Americans with disabilities. The center emphasizes exercise rehabilitation based on preliminary findings that exercise
can improve the devastating health consequences and functional declines associated with stroke, hip fracture, and peripheral
arterial occlusive disease—chronic conditions that often decrease functionality and independence in the elderly.
Preliminary studies show that specific exercises such as treadmill exercise training improves lower body strength
and increases fitness reserves among gait-impaired stroke patients and that an upper body workout improves motor
function in the partially paralyzed upper extremities of stroke atients who have completed conventional rehabilitation
and are 1-5 years beyond the incident stroke. Evidence of improved brain function accompanying task-specific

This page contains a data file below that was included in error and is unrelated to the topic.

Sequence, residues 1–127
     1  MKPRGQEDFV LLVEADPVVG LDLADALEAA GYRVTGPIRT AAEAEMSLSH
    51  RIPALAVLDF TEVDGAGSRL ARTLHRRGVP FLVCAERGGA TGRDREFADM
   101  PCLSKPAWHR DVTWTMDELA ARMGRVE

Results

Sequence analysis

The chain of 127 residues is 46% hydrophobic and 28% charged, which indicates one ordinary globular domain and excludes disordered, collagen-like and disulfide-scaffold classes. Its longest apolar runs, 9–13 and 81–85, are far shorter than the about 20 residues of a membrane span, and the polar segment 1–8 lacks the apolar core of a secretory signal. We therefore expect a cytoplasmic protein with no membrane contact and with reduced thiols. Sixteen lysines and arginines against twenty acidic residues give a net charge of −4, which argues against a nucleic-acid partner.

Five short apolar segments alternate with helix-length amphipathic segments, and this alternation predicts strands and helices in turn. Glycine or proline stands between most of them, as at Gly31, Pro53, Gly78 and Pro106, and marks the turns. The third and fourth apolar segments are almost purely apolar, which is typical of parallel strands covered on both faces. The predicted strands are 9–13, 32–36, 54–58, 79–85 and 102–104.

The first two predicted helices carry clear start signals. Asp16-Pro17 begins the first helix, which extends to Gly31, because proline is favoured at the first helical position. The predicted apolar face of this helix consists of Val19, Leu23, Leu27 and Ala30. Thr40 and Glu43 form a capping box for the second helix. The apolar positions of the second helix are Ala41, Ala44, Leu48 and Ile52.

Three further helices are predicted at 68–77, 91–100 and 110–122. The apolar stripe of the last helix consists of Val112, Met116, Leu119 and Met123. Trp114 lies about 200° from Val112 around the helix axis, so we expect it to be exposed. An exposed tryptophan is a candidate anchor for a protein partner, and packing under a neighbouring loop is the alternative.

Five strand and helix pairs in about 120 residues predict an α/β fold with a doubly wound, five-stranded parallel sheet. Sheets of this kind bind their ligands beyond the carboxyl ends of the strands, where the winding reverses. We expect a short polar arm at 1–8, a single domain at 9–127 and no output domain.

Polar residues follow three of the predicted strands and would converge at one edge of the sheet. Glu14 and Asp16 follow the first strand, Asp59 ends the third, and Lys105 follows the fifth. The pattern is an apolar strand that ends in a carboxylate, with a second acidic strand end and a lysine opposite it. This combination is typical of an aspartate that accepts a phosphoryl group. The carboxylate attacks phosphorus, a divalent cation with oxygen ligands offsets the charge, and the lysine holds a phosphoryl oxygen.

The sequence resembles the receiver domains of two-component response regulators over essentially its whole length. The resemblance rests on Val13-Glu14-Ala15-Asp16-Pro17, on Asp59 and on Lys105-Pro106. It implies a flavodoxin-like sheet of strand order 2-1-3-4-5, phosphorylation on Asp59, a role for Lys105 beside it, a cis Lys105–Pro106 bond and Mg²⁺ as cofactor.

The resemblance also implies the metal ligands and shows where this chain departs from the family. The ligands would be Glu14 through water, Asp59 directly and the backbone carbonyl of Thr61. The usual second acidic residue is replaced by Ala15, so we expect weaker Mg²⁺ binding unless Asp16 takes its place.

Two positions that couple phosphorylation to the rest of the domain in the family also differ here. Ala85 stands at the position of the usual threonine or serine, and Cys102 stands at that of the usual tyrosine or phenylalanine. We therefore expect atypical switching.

exercise provides further support to the observation that recovery not only is enhanced through exercise but also
continues months and years after the stroke. Thus, task-oriented exercise programs that improve upper and lower
body functional capabilities and quality of life might allow these patients to remain at home and function independently,
maintaining their lifestyle, reducing caregiver burden, and lowering their utilization of health care resources.
- The University of Texas OAIC research focuses on age-related sarcopenia, a progressive loss of muscle mass that leads to muscle
weakness, limited mobility, and increased susceptibility to injury, and the contribution of sarcopenia to loss of independence
in older persons. OAIC researchers discovered in an animal model that a specific protein, UNC-45, previously demonstrated to
be critical to the proper formation of muscle, acts as a chaperone for muscle proteins known as myosins and helps
myosins fold into stable structures that clump together to form thicker filaments that give heart and skeletal muscle
its striated appearance. Normally, electrochemical signals cause the myosin filaments to contract, producing, for example,
a heartbeat or an arm movement. When myosin proteins are not yet fully stable, a cellular cleanup system, known as the